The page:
Cold Spring – Haiku, (Haiga) and Tanka – January 12, 2016

 

fairy tree haiga

spring vision
in the cold rain
mixed with snow

pink pallid sun
and my light tricks at dawn
in the cold-spring rain
raindrops caught in the flash
[or fairies play in the tree]

G.s.k. ‘16

N.B.  I would like to remind everyone that on the 1st of February will begin my birthday month of haiga if you wish to participate with me I will put up a Mr. Linky app for the occasion and an inspiration prompt which can be used or ignored.

Carpe Diem #895 Harusamu (cold spring)

Did you know that in Japan Spring (called: Harusamu) begins on the 4th of February (called Nigatsu).  Here’s what Chèvrefeuille has to tell us in this interesting episode (which you can go to following the link above):

It’s [Harumsau] a very nice classical kigo. In classical Japan it is believed that spring starts on about February 4th, which is said to be the first day of spring. Even if the Japanese hear only the sound of the word haru (spring), they become happy and have great expectations for the coming days, though the temperature of this month is still low and it remains the coldness of winter.
The Japanese feel excited to hear the word harusamu (cold spring), even if it is cold. But the word yokan (the lingering cold of early spring) emphasizes the coldness of winter which is lingering on. As the snow begins to melt and the ice is getting thinner and thinner, the workings of animals and plants become active.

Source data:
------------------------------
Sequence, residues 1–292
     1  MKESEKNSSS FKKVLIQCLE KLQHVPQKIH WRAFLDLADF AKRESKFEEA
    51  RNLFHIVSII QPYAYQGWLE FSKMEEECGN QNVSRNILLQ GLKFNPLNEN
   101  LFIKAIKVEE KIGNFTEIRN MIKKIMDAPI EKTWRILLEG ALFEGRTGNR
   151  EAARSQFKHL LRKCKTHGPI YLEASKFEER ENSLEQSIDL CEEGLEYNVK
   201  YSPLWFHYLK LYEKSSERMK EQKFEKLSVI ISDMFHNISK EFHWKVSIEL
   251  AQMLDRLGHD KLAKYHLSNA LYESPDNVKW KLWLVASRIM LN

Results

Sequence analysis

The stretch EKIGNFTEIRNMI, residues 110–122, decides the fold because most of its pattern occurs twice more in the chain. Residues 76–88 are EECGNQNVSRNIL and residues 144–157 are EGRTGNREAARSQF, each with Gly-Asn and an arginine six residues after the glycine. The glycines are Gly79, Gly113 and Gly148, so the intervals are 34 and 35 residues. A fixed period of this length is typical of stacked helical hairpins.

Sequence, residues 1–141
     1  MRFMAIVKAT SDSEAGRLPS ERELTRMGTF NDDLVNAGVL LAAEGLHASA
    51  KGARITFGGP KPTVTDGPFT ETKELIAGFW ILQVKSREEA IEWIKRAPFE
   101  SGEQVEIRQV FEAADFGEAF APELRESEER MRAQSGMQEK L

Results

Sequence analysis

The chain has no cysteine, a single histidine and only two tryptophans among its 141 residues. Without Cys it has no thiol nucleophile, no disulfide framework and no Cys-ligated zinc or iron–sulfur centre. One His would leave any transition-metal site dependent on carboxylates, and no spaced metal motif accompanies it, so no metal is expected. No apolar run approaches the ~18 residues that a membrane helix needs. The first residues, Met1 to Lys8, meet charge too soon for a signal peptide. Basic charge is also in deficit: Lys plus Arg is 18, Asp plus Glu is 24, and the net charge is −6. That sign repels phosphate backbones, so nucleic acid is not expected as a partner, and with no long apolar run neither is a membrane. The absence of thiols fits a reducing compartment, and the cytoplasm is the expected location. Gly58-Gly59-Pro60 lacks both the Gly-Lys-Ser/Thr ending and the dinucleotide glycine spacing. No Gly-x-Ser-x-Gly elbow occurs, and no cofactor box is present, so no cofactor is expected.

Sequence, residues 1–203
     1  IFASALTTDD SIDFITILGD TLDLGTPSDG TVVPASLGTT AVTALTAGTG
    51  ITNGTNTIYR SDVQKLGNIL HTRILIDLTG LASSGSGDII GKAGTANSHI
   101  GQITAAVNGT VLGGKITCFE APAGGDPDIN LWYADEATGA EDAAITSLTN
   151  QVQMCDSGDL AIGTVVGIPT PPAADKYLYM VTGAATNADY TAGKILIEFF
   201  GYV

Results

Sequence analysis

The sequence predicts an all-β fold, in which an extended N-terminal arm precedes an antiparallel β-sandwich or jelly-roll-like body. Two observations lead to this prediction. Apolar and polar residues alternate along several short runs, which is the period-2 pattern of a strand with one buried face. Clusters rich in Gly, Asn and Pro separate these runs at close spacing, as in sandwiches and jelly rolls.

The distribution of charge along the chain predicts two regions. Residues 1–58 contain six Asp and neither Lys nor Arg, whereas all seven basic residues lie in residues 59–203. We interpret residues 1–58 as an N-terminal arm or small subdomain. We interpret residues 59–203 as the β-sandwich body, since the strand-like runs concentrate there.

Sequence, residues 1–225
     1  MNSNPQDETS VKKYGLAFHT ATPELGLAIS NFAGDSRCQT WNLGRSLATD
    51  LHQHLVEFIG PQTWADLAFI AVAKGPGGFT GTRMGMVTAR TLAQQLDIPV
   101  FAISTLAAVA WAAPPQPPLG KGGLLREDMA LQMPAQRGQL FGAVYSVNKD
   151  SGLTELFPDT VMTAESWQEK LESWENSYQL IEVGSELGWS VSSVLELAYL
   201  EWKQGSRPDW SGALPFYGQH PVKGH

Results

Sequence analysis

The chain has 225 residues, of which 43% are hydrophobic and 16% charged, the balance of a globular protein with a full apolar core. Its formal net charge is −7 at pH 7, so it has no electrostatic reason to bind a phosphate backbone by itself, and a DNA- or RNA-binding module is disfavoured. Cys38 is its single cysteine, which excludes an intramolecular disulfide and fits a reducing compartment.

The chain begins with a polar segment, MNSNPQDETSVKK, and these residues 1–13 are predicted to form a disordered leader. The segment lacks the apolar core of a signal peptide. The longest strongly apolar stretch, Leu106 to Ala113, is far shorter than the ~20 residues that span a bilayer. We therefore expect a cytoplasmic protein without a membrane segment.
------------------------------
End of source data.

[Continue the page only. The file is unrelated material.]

Morning Haiku and Waka – January 2, 2016

first snowflakes
even now inviting
first snowdrops

this winter morning
as fog covers the valley
plum blossom dreams

winter stillness
walking along the river
imagining bees

 © G.s.k. ‘16

Today we think ahead on Carpe Diem Haiku Kai … desiring spring.  The here and now tells us that we have recently entered into winter, but our imagination can take us wherever we wish to go … so for today’s Morning Haiku and Wake I’ve chosen to use three spring kigo to project the longing for that season: snowdrops, plum blossoms and bees.  Below are a few other haiku by Chèvrefeuille and Jane Reichhold showing us the way into spring desires:

eaves dripping
the candle flame
flickers

winter days
a heart runs without panting
to the beach

© Jane Reichhold

after the darkness
I am longing for the young leaves
and cherry blossoms

the blooming cherries
watching them in the moonlight
it’s magical

© Chèvrefeuille

And I’d like to close this with another snowdrop haiku, I think by Jane Reichhold:

as I see the first snowdrops my desire for spring becomes stronger